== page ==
Von Ribbentrop in St Ives:

Art and War in the Last Resort

An exhibition and book by Andrew Lanyon

16 July - 18 September 2011

Von Ribbentrop in St Ives is an exhibition and a book by painter, author and filmmaker Andrew Lanyon. The exhibition revolves around two seemingly unrelated moments in history. Joachim Von Ribbentrop, German Ambassador for Britain and later Foreign Minister in Nazi Germany holidayed in Cornwall in the 1930s and gathered intelligence in preparation for a German attack on Britain. The other event is the ‘discovery’ by the London-based artists Ben Nicholson and Christopher Wood of Cornish fisherman-turned-painter Alfred Wallis in 1928.

Perfectly suited to the backdrop of the house at Kettle’s Yard, the exhibition includes works by Andrew Lanyon, his father Peter Lanyon, Alfred Wallis, Ben Nicholson, Alexander Calder and Naum Gabo, archival material, interactive models and specially commissioned works by Paul Chaney, Kenny Everett, Olly Hadfield, Chris James, Sam Lanyon, Peter Mates, Debbie Prosser, Paul Spooner, Stella Turk and Carlos Zapata.

 

video: Andrew Lanyon interviewed by Michael Bird

 

An exhibition in collaboration with Kestle Barton Kestle Barton logo

 

Exhibition events


Andrew Lanyon - Von Ribbentrop in St Ives

Saturday, 16 July, 5.15-6pm
Artist and curator Andrew Lanyon introduces the exhibition Von Ribbentrop in St Ives.


Artist and curator Andrew Lanyon introduces the exhibition Von Ribbentrop in St Ives: Art and War in the Last Resort. Followed by the private view.

cost: Free

 


Peter Forbes - Painters and Naturalists at War

Wednesday, 27 July, 6.30-8pm
The talk focuses on artists who have been inspired by camouflage and mimicry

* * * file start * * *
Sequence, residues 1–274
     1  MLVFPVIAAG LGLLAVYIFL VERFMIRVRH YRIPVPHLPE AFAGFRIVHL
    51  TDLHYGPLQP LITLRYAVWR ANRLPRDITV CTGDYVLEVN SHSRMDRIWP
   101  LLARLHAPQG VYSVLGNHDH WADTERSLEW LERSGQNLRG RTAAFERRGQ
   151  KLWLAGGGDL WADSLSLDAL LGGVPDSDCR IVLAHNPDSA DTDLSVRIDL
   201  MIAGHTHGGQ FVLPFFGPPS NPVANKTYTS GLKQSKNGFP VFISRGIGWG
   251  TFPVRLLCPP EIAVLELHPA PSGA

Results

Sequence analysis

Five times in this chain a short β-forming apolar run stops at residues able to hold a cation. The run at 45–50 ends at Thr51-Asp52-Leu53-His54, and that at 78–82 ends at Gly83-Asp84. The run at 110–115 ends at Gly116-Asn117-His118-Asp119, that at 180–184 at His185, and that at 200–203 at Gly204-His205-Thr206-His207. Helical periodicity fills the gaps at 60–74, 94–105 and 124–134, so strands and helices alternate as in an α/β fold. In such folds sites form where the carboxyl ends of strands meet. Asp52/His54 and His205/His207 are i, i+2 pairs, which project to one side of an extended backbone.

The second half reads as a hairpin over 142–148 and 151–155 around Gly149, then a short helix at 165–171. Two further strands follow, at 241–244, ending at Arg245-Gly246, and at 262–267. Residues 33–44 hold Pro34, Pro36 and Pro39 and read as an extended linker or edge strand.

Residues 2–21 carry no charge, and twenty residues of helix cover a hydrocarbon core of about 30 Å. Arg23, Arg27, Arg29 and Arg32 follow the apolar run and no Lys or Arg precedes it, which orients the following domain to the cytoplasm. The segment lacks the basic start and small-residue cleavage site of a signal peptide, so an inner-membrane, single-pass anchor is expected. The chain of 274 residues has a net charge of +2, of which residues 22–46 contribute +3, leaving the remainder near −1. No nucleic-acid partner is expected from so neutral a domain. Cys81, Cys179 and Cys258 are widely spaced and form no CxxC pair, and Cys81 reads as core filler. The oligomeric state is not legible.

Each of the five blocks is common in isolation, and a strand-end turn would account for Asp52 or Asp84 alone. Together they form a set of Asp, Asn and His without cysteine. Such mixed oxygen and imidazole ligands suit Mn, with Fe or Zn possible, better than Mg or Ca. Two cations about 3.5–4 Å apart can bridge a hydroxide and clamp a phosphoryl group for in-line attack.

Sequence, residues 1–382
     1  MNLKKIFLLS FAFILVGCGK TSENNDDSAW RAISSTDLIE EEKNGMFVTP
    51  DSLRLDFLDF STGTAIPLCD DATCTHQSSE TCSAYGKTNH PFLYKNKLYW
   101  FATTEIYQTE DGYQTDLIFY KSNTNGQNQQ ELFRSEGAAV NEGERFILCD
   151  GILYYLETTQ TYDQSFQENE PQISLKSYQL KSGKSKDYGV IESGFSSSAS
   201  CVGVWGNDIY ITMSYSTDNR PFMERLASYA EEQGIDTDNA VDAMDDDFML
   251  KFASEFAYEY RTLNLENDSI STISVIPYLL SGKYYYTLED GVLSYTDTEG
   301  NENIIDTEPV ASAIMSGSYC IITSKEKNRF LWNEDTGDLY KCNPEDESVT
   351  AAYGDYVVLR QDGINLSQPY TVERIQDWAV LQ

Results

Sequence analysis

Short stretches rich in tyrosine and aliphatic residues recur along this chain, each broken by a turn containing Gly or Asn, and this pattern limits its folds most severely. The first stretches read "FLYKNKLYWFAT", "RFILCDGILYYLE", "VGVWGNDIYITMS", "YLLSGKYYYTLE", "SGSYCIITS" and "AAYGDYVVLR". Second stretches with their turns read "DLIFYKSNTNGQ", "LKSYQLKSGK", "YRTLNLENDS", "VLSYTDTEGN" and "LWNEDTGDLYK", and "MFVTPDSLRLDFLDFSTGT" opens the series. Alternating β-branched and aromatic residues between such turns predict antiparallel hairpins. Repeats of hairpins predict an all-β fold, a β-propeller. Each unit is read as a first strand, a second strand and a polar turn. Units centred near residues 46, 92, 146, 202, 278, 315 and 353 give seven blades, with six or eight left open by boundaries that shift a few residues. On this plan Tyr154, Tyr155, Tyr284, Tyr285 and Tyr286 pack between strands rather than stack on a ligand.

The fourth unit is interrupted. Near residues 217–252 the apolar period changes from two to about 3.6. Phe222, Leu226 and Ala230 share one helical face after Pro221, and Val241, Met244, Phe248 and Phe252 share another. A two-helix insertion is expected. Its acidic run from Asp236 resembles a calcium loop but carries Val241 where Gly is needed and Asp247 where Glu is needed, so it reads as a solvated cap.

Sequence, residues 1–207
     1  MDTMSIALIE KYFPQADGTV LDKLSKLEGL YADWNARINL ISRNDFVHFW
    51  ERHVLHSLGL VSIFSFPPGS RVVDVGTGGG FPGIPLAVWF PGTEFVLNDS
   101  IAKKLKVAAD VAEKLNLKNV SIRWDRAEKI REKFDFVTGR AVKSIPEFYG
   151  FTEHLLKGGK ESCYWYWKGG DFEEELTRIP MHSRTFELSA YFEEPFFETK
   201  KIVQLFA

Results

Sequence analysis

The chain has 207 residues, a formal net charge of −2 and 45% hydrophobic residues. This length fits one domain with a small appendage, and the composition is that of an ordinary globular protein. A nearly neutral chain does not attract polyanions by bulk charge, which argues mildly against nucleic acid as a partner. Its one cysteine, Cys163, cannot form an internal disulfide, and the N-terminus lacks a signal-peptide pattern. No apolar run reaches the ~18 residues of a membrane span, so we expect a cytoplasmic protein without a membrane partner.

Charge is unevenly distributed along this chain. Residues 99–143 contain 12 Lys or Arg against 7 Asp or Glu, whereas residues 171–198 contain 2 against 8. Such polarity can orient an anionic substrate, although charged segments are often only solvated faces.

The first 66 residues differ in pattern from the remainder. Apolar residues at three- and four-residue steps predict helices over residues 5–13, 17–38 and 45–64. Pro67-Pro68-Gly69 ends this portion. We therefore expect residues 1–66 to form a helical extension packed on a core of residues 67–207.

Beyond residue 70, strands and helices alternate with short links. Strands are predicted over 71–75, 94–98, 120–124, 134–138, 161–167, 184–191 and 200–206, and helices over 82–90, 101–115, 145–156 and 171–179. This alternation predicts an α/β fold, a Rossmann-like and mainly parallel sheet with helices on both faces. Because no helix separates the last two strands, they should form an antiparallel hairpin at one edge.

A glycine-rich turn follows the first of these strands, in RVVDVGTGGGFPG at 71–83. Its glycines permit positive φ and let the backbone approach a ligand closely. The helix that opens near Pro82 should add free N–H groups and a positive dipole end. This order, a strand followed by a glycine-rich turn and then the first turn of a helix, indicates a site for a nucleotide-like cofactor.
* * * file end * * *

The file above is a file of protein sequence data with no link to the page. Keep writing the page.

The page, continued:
Peter Forbes is a writer and journalist with a long-standing interest in the relationship between art and science. His book Dazzled and Deceived: Mimicry and Camouflage (Yale University Press, 2009) won the 2011 Warwick Prize for Writing. It tells the fascinating story of mimicry and camouflage in science, art, warfare and the natural world, through colourful stories and a dazzling cast of characters who were influenced and enthralled by their mystery - Roosevelt, Picasso, Nabokov, Churchill and Darwin, to name a few.
The talk focuses on artists who have been inspired by camouflage and mimicry and the skirmishes that have ensued when both artists and naturalists have tried to sign up as camoufleurs in wartime.
Forbes has written for the Guardian, Independent, The TimesDaily Mail, Financial Times, Scientific American, New ScientistWorld Medicine, Modern Painters and New Statesman, and is currently Royal Literary Fund Fellow at St George's, University of London.

cost: £5 - £3 concessions
buy online: University of Cambridge estore
or call 01223 748100.
 



Von Ribbentrop, Wallis and the Daughters of Radon

Tuesday, 6 September, 6.30-8pm



Artist and exhibition curator Andrew Lanyon talks about his practice, the exhibition Von Ribbentrop in St Ives: Art and War in the Last Resort and the publications that accompany it. The talk explores thought-provoking themes such as the debates on abstraction and realism in the interwar years, the role of the epic and the everyday in art, and the power of imagination and memory in shaping not just creative work but also war.

cost: £5 - £3 concessions
buy online: University of Cambridge estore
or call 01223 748100.
 


Michael Bird - The Palette and the Retort: Andrew Lanyon and St Ives

Tuesday, 13 September, 6.30-8pm



In this illustrated talk, Michael Bird explores the many incarnations of St Ives - both the place and its art history - in Andrew Lanyon’s work as artist, writer and filmmaker. Lanyon’s St Ives is an arena where science tests the limits of art but where no fact is safe from poetic transformation.
Michael Bird is the author of The St Ives Artists: A Biography of Place and Time and many other publications on art. He has presented programmes for BBC radio on Peter Lanyon and Alfred Wallis. His next book, 100 Ideas that Changed Art, is due out in 2012.

cost: £5 - £3 concessions
buy online: University of Cambridge estore
or call 01223 748100.
 

 

 

 

Lunchtime talk


Traitor Painters: Art And Espionage In Cornwall

Thursday, 28 July, 1.10-1.40pm
by Dr James Fox


Dr James Fox is Research Fellow at Gonville & Caius College and teaches at the Department of History of Art of the University of Cambridge. In 2010 he presented the BBC4 documentary Art in Cornwall, and he is currently preparing two monographs on twentieth century British art: Business Unusual: Art in Britain during the First World Warand Art as Antidote: British art, 1914-45.



The English Douanier: Alfred Wallis's encounter with Ben Nicholson and Christopher Wood

Thursday, 25 August, 1.10-1.40pm
by Sebastiano Barassi, Curator of Collections